But the Times suggested that a very different set of ambitions may be leading Musk’s direction. Last Saturday, the newspaper made waves with its report that three companies Musk is involved in have garnered a total of $4.9 billion in government subsidies.

“He definitely goes where there is government money,” said Dan Dolev, a senior vice president and financial analyst at Jefferies Equity Research, in the Times’ article. “That’s a great strategy, but the government will cut you off one day.”

The financial support comes as a mix of tax incentives, grants, property tax exemptions and rebates. According to the Times, the current totals break down like this:

Tesla Motors: $2.391 billion

SolarCity: $2.516 billion

Space Exploration Technologies (SpaceX): $20 million

“The figure underscores a common theme running through his emerging empire: a public-private financing model underpinning long-shot start-ups,” said the Times.

SEE ALSO: How Do Electric Vehicle Incentives Compare To Oil And Gas Subsidies?

Ashlee Vance, author of a biography on Musk, noted that states even compete with one another, offering government support to persuade Tesla and SolarCity to build factories within their borders.

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But, asked the Times, what reward is the public seeing from all this funding?

“A looming question is whether the companies are moving toward self-sufficiency – as Dolev believes – and whether they can slash development costs before the public largesse ends,” the Times said.

“Musk and his companies’ investors enjoy most of the financial upside of the government support, while taxpayers shoulder the cost.”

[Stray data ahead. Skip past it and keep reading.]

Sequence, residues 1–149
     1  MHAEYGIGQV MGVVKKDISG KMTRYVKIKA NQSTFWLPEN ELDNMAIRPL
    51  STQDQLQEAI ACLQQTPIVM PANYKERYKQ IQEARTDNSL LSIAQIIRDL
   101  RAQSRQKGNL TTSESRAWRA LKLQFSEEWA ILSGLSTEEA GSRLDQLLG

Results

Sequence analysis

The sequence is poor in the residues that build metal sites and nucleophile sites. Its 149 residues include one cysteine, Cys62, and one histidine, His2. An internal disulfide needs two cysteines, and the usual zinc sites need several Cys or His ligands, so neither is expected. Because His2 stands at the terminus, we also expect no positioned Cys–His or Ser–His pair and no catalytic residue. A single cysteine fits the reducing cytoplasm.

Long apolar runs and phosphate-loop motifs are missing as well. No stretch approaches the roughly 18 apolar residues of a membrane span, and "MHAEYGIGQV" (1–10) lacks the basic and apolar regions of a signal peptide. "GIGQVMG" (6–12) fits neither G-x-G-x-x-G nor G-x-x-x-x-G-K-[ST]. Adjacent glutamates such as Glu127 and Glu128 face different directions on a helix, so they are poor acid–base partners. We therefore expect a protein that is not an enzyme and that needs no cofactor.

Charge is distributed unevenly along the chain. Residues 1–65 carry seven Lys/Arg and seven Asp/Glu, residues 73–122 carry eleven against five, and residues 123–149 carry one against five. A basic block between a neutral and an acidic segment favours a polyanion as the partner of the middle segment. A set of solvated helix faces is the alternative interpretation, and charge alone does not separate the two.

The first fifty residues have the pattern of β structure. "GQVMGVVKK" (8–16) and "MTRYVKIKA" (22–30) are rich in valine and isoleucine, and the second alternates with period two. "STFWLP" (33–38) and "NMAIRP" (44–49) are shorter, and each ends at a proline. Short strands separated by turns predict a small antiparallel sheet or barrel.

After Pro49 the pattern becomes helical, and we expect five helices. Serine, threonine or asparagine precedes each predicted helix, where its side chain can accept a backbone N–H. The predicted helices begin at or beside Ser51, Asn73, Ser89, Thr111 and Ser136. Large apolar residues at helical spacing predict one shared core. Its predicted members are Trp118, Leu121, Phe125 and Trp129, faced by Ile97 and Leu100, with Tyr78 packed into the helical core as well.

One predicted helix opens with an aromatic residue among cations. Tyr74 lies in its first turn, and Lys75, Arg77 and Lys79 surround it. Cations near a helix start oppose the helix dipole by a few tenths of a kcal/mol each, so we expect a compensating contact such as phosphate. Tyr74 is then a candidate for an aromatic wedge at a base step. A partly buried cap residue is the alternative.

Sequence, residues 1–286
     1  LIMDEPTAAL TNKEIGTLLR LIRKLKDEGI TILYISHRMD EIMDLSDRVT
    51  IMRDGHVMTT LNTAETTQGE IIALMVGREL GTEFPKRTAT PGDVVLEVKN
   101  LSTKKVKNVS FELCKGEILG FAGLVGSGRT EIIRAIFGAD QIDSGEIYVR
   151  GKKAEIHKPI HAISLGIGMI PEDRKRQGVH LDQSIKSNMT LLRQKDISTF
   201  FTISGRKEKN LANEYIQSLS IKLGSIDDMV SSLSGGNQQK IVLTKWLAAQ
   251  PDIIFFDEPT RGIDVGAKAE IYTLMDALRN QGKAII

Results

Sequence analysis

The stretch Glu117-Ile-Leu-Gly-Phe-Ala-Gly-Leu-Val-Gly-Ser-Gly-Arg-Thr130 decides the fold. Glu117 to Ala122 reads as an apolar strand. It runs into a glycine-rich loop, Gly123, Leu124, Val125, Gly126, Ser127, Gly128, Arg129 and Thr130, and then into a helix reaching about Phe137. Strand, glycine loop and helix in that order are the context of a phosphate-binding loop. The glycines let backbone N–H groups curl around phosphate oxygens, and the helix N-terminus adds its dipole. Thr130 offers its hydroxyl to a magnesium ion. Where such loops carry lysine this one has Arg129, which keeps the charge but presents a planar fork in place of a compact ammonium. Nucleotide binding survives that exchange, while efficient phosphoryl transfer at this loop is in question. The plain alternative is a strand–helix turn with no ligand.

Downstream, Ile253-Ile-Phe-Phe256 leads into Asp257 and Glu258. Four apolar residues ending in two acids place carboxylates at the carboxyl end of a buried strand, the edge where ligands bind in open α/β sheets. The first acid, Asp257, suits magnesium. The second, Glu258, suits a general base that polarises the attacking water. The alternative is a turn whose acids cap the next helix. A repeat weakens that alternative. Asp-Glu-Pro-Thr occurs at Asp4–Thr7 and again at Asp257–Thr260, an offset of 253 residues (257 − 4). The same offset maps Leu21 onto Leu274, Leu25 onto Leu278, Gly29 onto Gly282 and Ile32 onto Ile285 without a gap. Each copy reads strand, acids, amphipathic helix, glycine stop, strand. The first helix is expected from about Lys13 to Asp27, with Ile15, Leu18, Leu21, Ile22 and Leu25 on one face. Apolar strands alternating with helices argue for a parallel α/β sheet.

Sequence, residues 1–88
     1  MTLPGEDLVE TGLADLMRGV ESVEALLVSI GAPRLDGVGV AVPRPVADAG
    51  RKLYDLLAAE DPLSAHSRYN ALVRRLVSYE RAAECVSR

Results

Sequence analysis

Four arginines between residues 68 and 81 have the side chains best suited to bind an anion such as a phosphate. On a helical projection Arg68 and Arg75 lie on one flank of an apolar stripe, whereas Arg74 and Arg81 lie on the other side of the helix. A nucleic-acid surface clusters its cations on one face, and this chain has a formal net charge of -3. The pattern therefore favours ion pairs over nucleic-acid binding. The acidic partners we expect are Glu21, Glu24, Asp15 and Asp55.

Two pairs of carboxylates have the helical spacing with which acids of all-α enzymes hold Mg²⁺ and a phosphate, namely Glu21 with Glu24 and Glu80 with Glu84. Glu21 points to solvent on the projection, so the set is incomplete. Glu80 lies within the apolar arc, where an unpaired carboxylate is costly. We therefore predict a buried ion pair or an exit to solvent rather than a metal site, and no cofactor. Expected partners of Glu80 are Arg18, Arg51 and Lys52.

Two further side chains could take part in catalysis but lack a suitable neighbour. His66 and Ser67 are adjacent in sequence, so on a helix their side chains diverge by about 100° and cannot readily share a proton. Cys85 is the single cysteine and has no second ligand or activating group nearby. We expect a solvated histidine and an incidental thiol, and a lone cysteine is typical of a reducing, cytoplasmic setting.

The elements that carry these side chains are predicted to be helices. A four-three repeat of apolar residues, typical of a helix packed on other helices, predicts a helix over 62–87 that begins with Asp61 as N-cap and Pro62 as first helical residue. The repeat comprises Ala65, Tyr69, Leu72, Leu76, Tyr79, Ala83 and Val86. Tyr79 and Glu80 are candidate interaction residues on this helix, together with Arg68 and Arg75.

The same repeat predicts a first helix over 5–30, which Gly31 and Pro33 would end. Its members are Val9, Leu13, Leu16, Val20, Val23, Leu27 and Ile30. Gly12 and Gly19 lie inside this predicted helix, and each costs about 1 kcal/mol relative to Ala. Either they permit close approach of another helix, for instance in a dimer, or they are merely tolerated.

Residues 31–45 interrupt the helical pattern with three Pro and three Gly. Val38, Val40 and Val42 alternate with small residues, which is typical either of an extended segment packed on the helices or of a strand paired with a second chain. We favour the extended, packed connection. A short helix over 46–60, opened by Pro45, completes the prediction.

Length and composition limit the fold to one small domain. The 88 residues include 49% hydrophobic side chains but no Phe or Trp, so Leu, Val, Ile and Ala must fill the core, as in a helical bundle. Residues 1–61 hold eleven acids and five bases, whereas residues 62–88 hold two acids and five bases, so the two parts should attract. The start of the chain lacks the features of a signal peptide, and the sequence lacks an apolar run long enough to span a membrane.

The Times also observed that much of the funding has come from private sources, saying that Musk himself used much of his earnings from the sale of PayPal (which he helped found) to fund these projects.

“But,” said the Times, “public subsidies for Musk’s companies stand out both for the amount, relative to the size of the companies, and for their dependence on them.”

While it’s prudent to maintain a level of caution with government spending – especially after automotive companies like Fisker folded after receiving a $192 million loan from the U.S. government – it’s also beneficial to remember the potential gains of such investments.

SEE ALSO: Elon Musk Biography Offers Insight Into Tesla’s CEO

For example, also listed in the Times’ accounting is $517.2 million that Tesla has earned by selling carbon credits to other automakers. But the news site doesn’t explain that other corporations rely on buying these credits to reduce their overall carbon footprint. Chevrolet currently leads this trend; the $40 million it will have spent by the end of this year is far higher than any other automaker.

The Times said that there is no guarantee the country will benefit from this publically funded support.

“The payoff for the public would come in the form of major pollution reductions, but only if solar panels and electric cars break through as viable mass-market products. For now, both remain niche products for mostly well-heeled customers,” the Times wrote.

Readers React